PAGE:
Tip one: don't lie about having received an offer from one firm while you're interviewing with another. Tip one-A: if you're going to lie about said fake offer, impersonate someone and forge a little evidence: easy on the typos. Spelling Bank of America without 'c' is going to be a red flag. Jeffrey Chiang knows what we're talking about.It wasn't the typo alone that did it, but that's one hell of a red flag. Spell check, fool. That said, if it wasn't the fake email that did it, it sounds like something else would've eventually taken him down. The guy sounds like an ass. To read his fabricated, tragically unconvincing offer letter, as well as the email exchange that busted him, go here.
Chiang apparently interviewed at Bank of America, where he was asked if he had any offers from other firms. Jeffrey claimed that he was in his second round of interviews with Morgan Stanley. An associate at BofA then contacted his friend at Morgan about Jeffrey's prospects. The Morgan guy said that contrary to popular belief, JC had only had a phone interview, at which time he claimed to have gotten a full-out offer from BofA. As proof, JC provided a fabricated email allegedly from a recruiting woman at Bank of America, who would probably be surprised to be informed she'd offered Chiang a job (and that she didn't know how to spell "America"). The Morgan people forwarded the faux letter of employment back to the people at Bank of America who were doing recon and from there it was forwarded to the entire free world.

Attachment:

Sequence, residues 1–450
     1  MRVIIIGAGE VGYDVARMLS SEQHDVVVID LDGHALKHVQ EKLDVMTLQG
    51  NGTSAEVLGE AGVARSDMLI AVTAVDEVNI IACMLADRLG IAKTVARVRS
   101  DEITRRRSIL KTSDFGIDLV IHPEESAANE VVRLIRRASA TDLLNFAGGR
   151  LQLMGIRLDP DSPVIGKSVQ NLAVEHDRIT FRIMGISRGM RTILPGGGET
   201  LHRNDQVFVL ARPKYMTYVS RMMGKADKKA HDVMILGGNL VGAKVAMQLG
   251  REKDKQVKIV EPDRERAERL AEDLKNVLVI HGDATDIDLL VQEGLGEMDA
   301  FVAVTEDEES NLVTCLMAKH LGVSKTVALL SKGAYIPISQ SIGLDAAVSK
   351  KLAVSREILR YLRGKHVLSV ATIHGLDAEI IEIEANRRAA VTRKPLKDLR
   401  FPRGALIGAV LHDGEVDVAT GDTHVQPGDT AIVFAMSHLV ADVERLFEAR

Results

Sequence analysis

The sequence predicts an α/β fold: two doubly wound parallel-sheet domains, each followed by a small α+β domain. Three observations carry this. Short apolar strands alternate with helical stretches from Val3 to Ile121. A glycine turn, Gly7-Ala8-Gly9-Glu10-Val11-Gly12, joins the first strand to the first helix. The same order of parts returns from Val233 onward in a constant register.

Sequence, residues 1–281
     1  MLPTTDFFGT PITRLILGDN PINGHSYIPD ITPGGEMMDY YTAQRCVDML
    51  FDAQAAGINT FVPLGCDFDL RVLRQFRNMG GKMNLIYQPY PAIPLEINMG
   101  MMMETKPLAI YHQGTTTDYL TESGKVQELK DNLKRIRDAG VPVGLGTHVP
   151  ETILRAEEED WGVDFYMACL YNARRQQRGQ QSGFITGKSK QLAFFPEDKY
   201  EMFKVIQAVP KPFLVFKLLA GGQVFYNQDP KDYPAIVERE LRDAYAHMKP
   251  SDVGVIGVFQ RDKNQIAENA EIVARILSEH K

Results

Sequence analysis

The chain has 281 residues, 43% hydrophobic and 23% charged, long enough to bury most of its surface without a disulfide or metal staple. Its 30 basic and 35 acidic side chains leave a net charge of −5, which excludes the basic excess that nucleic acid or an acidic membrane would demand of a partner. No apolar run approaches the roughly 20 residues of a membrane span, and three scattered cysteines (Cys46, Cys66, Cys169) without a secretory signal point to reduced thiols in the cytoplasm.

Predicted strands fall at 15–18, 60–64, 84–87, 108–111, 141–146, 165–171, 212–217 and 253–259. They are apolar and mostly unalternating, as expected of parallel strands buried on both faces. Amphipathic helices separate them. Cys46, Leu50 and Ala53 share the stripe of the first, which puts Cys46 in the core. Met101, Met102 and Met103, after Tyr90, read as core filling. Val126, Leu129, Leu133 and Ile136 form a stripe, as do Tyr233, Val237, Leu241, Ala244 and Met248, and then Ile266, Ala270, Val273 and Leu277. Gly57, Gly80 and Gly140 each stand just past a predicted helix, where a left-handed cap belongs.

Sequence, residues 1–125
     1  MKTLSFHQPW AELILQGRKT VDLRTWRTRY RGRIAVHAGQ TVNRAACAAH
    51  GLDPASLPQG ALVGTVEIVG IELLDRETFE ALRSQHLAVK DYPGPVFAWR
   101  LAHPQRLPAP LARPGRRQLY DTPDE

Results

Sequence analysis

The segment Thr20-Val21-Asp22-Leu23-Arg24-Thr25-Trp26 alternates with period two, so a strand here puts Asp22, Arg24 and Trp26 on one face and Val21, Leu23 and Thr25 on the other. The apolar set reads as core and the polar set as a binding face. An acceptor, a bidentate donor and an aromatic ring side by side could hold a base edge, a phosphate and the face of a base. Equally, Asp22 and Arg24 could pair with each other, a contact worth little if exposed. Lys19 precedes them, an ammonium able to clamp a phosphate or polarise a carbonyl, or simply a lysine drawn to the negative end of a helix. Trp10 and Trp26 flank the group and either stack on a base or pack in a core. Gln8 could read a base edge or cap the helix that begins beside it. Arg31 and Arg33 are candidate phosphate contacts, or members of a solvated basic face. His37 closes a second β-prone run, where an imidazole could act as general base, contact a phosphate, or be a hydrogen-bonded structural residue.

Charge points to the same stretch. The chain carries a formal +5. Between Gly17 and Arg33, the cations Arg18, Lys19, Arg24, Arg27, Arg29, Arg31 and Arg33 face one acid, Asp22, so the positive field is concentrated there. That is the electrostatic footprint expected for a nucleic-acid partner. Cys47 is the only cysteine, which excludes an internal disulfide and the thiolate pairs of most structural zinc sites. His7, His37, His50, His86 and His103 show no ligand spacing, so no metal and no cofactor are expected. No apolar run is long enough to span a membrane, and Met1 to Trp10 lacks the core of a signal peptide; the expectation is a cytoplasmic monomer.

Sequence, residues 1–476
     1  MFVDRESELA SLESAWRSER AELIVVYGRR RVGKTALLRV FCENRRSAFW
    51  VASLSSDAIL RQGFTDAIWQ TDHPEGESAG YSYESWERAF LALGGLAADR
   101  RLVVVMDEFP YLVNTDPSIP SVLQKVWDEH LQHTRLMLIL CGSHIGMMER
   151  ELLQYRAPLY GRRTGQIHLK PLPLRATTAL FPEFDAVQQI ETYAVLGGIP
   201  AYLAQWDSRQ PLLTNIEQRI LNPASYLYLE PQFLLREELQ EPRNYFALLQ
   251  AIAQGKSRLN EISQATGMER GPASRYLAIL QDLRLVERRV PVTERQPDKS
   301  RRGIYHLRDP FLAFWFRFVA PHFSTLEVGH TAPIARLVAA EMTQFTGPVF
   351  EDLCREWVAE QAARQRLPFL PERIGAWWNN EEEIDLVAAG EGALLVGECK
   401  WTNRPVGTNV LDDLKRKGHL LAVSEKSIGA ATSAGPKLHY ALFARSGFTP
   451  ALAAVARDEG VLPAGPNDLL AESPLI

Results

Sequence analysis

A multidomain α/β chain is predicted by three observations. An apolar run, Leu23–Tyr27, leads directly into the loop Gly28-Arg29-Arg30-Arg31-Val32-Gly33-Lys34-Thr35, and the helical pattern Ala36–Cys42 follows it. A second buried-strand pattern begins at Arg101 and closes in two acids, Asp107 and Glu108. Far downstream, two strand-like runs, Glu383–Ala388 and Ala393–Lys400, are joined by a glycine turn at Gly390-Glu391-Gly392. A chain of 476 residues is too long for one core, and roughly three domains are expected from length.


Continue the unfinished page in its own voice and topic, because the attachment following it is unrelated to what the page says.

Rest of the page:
Foolish Jeffrey has apparently been "blacklisted" by employees at a long list of firms. I'm guessing he will have to set his career goals a little lower now.